Original Research

Psychological safety and self-regulated learning through near-peer learning for the sustainability of rural community-based medical education: grounded theory approach


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Ryuichi Ohta
1 PhD, Director *

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Takuji Katsube

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Chiaki Sano
3 PhD


1, 2 Community Care, Unnan City Hospital, 699-1221 96-1 Iida, Daito-cho, Unnan, Shimane Prefecture, Japan

3 Department of Community Medicine Management, Faculty of Medicine, Shimane University, 89-1 Enya cho, Izumo 693-8501, Shimane Prefecture, Japan

ACCEPTED: 11 August 2023

early abstract:

Introduction: Difficulties in improving psychological safety in medical education can be attributed to the hierarchy among medical professionals. Near-peer learning (NPL) can increase learning between students and residents, and improve psychological safety. Rural community-based medical education (CBME) can use an NPL framework to improve psychological safety and compensate for the lack of resources, leading to sustainability. This qualitative study aimed to clarify the effects of NPL on the psychological safety and learning of medical trainees in rural CBME.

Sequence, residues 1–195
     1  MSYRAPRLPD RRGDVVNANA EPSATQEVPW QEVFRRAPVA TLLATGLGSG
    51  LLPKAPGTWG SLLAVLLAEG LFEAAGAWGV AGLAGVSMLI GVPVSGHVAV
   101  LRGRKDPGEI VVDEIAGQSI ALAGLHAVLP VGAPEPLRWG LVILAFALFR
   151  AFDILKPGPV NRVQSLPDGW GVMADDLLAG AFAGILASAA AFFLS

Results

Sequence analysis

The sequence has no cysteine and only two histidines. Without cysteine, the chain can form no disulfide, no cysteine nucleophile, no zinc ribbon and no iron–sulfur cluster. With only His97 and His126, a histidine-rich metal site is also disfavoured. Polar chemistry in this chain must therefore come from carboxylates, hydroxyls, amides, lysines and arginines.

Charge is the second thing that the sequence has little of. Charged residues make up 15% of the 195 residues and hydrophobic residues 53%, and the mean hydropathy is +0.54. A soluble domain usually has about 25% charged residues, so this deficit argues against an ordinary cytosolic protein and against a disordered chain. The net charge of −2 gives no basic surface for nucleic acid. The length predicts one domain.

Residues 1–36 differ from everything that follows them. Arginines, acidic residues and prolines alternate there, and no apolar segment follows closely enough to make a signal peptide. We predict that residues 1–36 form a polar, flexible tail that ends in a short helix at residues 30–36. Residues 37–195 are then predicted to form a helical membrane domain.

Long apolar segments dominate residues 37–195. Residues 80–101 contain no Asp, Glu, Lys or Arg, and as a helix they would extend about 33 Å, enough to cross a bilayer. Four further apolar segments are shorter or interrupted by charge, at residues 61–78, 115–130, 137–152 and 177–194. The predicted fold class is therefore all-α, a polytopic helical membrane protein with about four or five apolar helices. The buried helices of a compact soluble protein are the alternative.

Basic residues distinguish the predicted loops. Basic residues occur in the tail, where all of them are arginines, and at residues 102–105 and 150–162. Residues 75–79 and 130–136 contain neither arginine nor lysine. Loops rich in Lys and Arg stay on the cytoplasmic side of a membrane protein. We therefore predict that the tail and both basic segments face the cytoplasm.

Methods: This study used a grounded theory approach. Thirty-eight medical students, 12 second-year residents, and eight family medicine residents participated in this study. Purposive sampling was used to address the research objectives, followed by ethnographic and semi-structured interviews.
Results: Three themes were identified: facilitating learning, change in perception, and change in learning. Rural NPL-based CBME drove learners’ engagement in clinical practice through constant participation and reflection. Respecting and supporting learners’ motivation and participation and effectively accepting them increased their sense of ownership and psychological safety. Furthermore, NPL supported participants in becoming self-regulated learners.
Conclusions: Rural CBMEs lack healthcare and educational resources, but implementing NPL could make rural medical education sustainable, increasing the motivation of healthcare students and the number of medical staff working in rural contexts.